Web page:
Predatory marketing is all about striking the weakness that arises out of your competitor’s greatest strength. It also requires answers to the questions: “Who’s got your money, and what is your relative advantage?”
If you are facing larger competitors, don’t be afraid to test your predatory messaging in either PR or targeted campaigns to see whether your target audience would respond. In committing or fighting back, they may overcommit or give you an advantage in PR that you can use to grow your business, engage customers, and get noticed.
Continuously Scan the Business Environment for Market Changes
“If you’re afraid, don't do it. If you’re doing it, don’t be afraid!”
— Genghis Khan
Genghis Khan and his generals were excellent at adapting to changing conditions. When they found out that their usual tactics proved ineffective against protected cities, they swiftly changed methods and used bigger weapons inspired by Chinese, Arab and Persian designs. Their agility allowed them to penetrate even walled cities.
When it comes to leading in today’s ever-evolving business landscape, take your cue from the Mongolian warlord.
Scanning the environment for market changes can help you identify new opportunities and relative advantages before your competitors act on them. It also helps you be aware of any potential threats that can impact business continuity and address them before they affect your business.
Knowing the current state of today’s business environment can help you better align your strategy not only to accomplish your goals but to meet the changing demands in the marketplace.
No strategy can ever be effective without doing your research and evaluating how significant changes in today’s business environment can impact its success. No matter how big or small a business is, doing regular scans for market changes can help you stay abreast of what’s happening in the business landscape so you can refine your strategy as necessary.
“I leave you the greatest empire in the world, but your preserving it depends upon your remaining always united. If discord steals in among you all will most assuredly be lost.”
— Genghis Khan
Genghis Khan was known for being ruthless conqueror, but he was also a strong ruler, a feared warrior, and effective leader.
Khan was known to develop tightly coordinated battle plans, even when most of his men are illiterate. He did this effectively by making his men sing and use rhyme to make messages and military commands memorable.
Businesses today can learn a branding lesson from the great Genghis Khan.
To continue to thrive through tough economic times, find ways to extend your territory. Conquer new audiences. Expand your customer base. You can do this by building your brand aggressively while integrating it into all aspects of your business.
Whilst businesses will likely cut back on marketing during a recession, this is exactly when you need great marketing: to improve the customer’s overall perception of your business and make your brand memorable.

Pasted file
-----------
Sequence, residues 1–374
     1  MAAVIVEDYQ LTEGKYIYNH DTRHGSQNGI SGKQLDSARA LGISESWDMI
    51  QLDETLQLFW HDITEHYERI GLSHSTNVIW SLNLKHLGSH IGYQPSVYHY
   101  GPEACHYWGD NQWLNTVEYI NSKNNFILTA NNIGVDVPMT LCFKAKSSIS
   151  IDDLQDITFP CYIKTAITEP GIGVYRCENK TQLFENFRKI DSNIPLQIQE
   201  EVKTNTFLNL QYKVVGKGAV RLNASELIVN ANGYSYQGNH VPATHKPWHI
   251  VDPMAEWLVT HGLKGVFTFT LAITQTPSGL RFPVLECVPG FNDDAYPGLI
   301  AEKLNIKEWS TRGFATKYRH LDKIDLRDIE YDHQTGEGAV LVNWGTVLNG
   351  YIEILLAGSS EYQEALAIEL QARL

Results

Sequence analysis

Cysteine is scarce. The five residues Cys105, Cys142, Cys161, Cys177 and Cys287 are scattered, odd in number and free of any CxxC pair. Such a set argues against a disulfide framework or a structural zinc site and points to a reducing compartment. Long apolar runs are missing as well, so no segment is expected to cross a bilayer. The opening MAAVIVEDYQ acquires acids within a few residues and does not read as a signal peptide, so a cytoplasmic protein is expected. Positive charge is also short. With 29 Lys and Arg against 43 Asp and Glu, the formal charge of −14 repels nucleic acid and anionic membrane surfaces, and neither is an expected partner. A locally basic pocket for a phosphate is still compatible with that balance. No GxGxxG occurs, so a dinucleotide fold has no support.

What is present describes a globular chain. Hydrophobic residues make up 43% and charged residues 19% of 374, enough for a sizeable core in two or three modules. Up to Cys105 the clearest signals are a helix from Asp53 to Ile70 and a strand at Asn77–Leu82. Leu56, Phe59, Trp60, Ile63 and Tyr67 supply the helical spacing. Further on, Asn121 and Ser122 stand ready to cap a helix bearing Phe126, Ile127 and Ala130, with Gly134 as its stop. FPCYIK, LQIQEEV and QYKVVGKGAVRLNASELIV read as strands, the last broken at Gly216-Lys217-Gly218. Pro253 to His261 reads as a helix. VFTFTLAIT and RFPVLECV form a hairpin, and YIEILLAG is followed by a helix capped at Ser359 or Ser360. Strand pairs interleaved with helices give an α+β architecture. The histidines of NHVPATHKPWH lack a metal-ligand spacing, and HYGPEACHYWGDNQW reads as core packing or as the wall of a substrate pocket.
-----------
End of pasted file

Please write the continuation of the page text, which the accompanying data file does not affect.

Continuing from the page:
Research has shown that most of the consumer's buying decisions are partially memory-based. With effective marketing, you create and strengthen positive brand memories that will compel people to buy from you.
Focus on Inexpensive Acquisition
“The strength of a wall is neither greater nor lesser than the courage of the men who defend it.”
— Genghis Khan
Inexpensive acquisition means a low-risk conquest. A smart merger & acquisition approach is one that’s programmatic. This strategy is inspired by McKinsey’s Strategy beyond the Hockey Stick, which, I think, was inspired by Genghis Khan.
A programmatic approach to M&A says instead of doing large conquests, where it can be an all-in high-risk approach, you need to be building strength by building capability.
To do this, look for deals that are 3–5% of your market capital. Do one deal a year, so over 10 years, you end up with a third of your market capital being M&A-based.
As a result, you are focused on building capabilities of excellence in acquisition that become a business advantage. By taking on many smaller acquisitions, over time, you build a competency, on a path to mastery, around prospect selection and criteria, negotiations, systemisation of integrations, cultural momentum, as well as the creation of amazing opportunities for your staff to grow and develop.
Tying It Together
“One arrow alone can be easily broken but many arrows are indestructible.”
— Genghis Khan
It is difficult to predict what happens in an unstable economy. Market changes will test today’s businesses and their ability to bend and adapt to survive. But when push comes to shove, businesses will only be as strong as the people that make it, its core foundations and strategies, and the best and next practices they embrace.
PS. If you're interested to learn more about Genghis Khan, here's a book I enjoyed: Genghis Khan and the Making of the Modern World — a well-researched and engaging book that paints a refreshing picture of Khan as an influential leader through the centuries and across the world.